Pictured from left to right: Jeffrey Greiner, CEO of Advanced Bionics; Debbie Allen; and Placido Domingo. Partially visible behind Greiner is Claude Mann.
Plácido Domingo accepted the cochlears on behalf of the Hear the World Foundation, Stäfa, Switzerland.
Donated surgeries to be performed by John Niparko of Johns Hopkins University Hospital and follow-up audiology and medical services are part of a package valued at more than $100,000.
“Plácido Domingo is helping raise awareness for a problem that plagues one in 10 people, and we are honored to collaborate with him, the Hear the World Foundation, and Advanced Bionics to transform lives,” says David Hankin, CEO of the Mann Foundation.
Advanced Bionics manufactures a cochlear implant with the 120 spectral bands necessary to enable the deaf to enjoy music and increase the ability to hear conversations in noisy environments. Hear the World is a global initiative that raises awareness for the topic of hearing and hearing loss. Domingo and the Vienna Philharmonic Orchestra are the first ambassadors of the foundation, and serve as members of the advisory board.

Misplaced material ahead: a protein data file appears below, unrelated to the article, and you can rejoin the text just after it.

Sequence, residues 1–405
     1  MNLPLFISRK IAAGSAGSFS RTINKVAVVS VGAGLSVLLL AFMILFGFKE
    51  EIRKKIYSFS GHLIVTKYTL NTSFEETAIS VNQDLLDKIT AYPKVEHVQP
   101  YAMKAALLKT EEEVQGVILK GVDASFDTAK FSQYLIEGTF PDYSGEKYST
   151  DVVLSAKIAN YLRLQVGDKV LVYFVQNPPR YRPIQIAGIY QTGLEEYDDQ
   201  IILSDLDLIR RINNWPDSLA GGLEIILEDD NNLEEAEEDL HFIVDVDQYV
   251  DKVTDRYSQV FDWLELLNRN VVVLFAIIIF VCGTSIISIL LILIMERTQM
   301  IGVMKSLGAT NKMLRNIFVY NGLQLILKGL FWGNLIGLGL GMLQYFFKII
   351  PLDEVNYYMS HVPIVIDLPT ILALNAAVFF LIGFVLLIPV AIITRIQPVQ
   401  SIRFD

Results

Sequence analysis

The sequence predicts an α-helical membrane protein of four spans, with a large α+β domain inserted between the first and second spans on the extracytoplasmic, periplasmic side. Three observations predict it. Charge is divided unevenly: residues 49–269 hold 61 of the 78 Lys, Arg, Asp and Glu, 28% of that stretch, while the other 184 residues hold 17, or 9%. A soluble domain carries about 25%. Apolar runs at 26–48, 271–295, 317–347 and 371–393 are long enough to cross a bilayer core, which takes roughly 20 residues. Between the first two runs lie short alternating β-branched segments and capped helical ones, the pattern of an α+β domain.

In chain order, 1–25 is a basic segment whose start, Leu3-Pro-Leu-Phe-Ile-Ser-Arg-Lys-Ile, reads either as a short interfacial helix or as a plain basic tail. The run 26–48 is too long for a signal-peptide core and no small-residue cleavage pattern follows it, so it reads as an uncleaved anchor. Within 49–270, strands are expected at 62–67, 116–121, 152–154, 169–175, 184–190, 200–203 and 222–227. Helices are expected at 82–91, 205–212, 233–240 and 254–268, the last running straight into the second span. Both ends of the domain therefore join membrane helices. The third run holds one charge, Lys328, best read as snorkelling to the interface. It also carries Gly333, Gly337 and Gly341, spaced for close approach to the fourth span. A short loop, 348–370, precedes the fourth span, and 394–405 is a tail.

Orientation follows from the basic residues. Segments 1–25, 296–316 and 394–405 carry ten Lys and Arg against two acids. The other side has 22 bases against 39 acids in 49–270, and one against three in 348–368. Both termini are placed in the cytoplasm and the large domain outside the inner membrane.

A recent study of cochlear implant patients at Indiana University School of Medicine shows evidence that cochlear implants in both ears go beyond hearing restoration and significantly improve the quality of life in patients, including increased cognitive skills and better emotional well-being, the company says. Unlike hearing aids, the implants do not amplify sound but work by directly stimulating any functioning auditory nerves inside the cochlea through an electric impulse.
Mann founded Advanced Bionics in 1993.